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“Your margin is my opportunity” Jeff Bezos is alleged to have said. This meme has been interpreted many ways. My view is that Bezos meant that if there is a meaningful margin in your brand then he’s going to have some of it.

So how should brands then view Amazon? Amazon is a powerful brand – certainly more powerful than yours. Shoppers have huge confidence that stuff will turn up in good shape and quickly. In many cases this brand benefit is enough to clinch a brand purchase decision. Amazon do not care about your brand, They care about your margin. They remind me a bit of my mate Ian who moved to America. Every time we had a meal I had to remind him about waitresses: “Mate, they aren’t hitting on you – they just want a good tip.” It took him a long time to learn. . . .


Amazon have also targeted certain categories. Many of the Pull Agency’s clients are in the health and beauty business – a business that Amazon have deliberately targeted. where in both the US and UK, they have reached an eye-watering 25% market share.

At a recent British Beauty Council event expert speakers took the audience through some of the challenges and opportunities for brands on Amazon. The first thing that was pointed out was that for all but the most luxurious brands, any stigma associated with being seen on the channel has gone.


As we know – Amazon was a big lockdown winner. Any reticence buyers had about the marketplace disappeared during this period of draconian measures. 50% of US households now have an Amazon Prime account.

So while there are still brands who exist in such a rarefied atmosphere they don’t want to be seen on Amazon, there aren’t many now that can afford not to be.

So what are the main challenges with putting your brand in this channel?


Aptly named Amazon beauty brand marketplace experts Market Defense recommends having a ‘brand protection strategy’ which tells you something about the possible pitfalls itself.

“A significant number of brands have been captured on Amazon by third parties.”

What does this mean? Well it means you’ve lost control and may need to do some significant work to get control of your brand back. It means that you are selling to someone who is re-selling your brand on Amazon. Amazon typically take around 15% as a margin along with various other fees and charges.

So a third party needs to be getting a pretty good margin to be able to buy from you and sell at a profit to them on Amazon. This is not an unsurmountable problem – after all you should be in control of your wholesale pricing. . . but overcoming a well-entrenched seller of your brand will depend on the degree to which they are the established supplier of your brand on Amazon. If you are in this situation – you need a strategy. It might be something you need to do over a managed period – especially if your revenues are dependent on the third party who has captured your brand franchise on Amazon.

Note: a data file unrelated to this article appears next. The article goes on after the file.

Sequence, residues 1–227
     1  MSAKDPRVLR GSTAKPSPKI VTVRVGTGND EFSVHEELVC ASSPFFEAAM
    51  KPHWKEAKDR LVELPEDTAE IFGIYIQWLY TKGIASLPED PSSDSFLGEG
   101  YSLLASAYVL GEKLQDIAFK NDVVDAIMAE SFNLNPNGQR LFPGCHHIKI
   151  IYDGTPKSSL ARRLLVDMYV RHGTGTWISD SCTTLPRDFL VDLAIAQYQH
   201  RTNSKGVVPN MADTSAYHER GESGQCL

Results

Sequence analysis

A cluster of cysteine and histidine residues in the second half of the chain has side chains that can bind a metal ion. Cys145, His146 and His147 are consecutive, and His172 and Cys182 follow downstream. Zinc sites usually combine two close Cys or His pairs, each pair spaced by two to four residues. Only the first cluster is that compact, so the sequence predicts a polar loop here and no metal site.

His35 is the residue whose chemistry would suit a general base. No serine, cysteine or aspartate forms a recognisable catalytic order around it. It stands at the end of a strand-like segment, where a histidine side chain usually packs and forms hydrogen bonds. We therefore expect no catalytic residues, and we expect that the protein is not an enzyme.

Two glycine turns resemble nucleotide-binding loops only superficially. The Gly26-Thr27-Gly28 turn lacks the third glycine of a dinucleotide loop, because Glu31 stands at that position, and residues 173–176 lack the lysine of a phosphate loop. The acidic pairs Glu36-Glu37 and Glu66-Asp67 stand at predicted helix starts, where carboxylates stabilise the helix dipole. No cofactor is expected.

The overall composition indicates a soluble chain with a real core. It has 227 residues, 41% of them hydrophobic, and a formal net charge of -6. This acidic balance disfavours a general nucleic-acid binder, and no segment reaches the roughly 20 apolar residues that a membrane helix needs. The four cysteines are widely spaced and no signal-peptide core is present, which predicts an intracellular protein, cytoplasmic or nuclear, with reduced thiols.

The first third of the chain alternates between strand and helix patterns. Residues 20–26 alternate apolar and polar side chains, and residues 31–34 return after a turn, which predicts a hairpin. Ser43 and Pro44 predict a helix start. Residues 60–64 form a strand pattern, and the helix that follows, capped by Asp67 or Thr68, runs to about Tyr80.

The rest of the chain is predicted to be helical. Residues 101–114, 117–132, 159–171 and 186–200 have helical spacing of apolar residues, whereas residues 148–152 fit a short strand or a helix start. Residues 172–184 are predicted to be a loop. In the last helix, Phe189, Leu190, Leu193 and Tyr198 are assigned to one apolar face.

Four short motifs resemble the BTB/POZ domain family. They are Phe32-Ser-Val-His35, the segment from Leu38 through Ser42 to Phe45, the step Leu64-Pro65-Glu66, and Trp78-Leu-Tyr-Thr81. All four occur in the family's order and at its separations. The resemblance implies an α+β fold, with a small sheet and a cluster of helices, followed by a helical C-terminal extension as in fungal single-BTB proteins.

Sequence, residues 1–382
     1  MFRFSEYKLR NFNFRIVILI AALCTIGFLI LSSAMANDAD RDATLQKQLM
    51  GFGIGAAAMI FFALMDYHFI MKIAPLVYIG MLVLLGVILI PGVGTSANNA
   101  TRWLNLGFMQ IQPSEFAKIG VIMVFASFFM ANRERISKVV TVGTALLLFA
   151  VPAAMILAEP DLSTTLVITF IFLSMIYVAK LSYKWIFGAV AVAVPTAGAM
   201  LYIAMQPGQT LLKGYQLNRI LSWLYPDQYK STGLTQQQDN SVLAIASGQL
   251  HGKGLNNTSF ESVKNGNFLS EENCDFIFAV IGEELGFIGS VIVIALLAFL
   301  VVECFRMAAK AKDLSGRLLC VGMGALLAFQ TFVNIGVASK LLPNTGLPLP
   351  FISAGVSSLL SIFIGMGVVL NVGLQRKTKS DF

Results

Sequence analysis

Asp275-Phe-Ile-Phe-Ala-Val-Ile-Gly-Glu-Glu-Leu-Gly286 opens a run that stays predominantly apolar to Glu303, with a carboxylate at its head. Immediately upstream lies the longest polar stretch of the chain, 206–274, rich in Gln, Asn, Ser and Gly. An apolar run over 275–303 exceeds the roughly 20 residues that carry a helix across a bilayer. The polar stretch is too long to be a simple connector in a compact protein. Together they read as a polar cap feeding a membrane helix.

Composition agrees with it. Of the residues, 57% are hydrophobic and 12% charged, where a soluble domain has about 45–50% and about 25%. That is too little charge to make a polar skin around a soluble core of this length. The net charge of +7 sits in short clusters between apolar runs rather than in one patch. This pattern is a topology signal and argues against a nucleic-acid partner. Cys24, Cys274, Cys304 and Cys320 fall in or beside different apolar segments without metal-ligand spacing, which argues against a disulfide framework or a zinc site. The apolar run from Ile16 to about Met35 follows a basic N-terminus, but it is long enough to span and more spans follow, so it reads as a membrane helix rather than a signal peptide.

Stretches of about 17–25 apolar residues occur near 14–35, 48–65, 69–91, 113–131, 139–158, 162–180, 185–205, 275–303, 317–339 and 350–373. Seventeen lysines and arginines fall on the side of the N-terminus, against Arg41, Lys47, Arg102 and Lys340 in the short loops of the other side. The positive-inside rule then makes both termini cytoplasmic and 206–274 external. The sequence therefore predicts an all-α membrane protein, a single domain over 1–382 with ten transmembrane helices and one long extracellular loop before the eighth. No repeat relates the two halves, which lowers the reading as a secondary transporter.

The other key challenge can be resource. It is probably best to view Amazon as a specific channel that needs management like all channels. If you are a significant seller on Amazon this may be a full time job. If your Amazon sales are really substantial it might mean a team. Amazon are constantly quietly introducing new tools and programmes. Someone needs to keep up with this and make sure your brand is playing the game.

Another dimension is merchandising. When I worked at P&G we cared hugely about how a brand looked on shelf, including how it looked vs. its competitors. For many brands this has got much more complicated. The questions now are: How will my brand look on shelf? How will my brand look on my website?  How will my brand look on Instagram? How will my brand look in the hands of an influencer on TikTok? And how will my brand look on Amazon? Your brand needs to look good in all these places. So an identity created with all these things in mind is essential – along with easy to use brand guidelines so that your team and agencies you work with can easily execute your brand identity properly.

Lastly, as stated by one speaker: And this had quite a chilling ring to it: “Remember – Amazon is a ‘Regulator’. And one who shoots before talking”. They will take unilateral and unexplained action that might drastically penalise your brand without asking questions. You need to know what to do when this happens.

So the key to selling your brand on with Amazon is to do what you should be doing in all your brand channels: Promote, safeguard and defend your brand like it is your darling child. Amazon is not your friend, they are the dominant party and will take whatever action to protect their brand and their reputation. You need to look after your own.

Posted 14 May 2024 by Chris Bullick